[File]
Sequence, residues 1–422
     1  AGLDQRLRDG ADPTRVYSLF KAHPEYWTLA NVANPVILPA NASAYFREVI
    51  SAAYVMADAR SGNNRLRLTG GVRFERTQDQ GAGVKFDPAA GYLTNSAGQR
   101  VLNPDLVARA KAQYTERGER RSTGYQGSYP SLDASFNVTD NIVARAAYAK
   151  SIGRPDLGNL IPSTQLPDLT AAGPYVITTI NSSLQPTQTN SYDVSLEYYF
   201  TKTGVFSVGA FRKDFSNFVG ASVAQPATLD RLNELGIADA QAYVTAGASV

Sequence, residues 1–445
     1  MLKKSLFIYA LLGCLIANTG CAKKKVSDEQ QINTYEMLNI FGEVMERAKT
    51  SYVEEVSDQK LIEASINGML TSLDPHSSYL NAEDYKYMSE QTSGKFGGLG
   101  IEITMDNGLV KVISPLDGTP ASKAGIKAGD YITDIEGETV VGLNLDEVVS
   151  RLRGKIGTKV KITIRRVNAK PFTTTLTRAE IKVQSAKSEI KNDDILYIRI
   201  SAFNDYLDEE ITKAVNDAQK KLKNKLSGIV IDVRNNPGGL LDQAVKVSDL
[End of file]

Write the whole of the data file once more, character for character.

Sequence, residues 1–422
     1  AGLDQRLRDG ADPTRVYSLF KAHPEYWTLA NVANPVILPA NASAYFREVI
    51  SAAYVMADAR SGNNRLRLTG GVRFERTQDQ GAGVKFDPAA GYLTNSAGQR
   101  VLNPDLVARA KAQYTERGER RSTGYQGSYP SLDASFNVTD NIVARAAYAK
   151  SIGRPDLGNL IPSTQLPDLT AAGPYVITTI NSSLQPTQTN SYDVSLEYYF
   201  TKTGVFSVGA FRKDFSNFVG ASVAQPATLD RLNELGIADA QAYVTAGASV

Sequence, residues 1–445
     1  MLKKSLFIYA LLGCLIANTG CAKKKVSDEQ QINTYEMLNI FGEVMERAKT
    51  SYVEEVSDQK LIEASINGML TSLDPHSSYL NAEDYKYMSE QTSGKFGGLG
   101  IEITMDNGLV KVISPLDGTP ASKAGIKAGD YITDIEGETV VGLNLDEVVS
   151  RLRGKIGTKV KITIRRVNAK PFTTTLTRAE IKVQSAKSEI KNDDILYIRI
   201  SAFNDYLDEE ITKAVNDAQK KLKNKLSGIV IDVRNNPGGL LDQAVKVSDL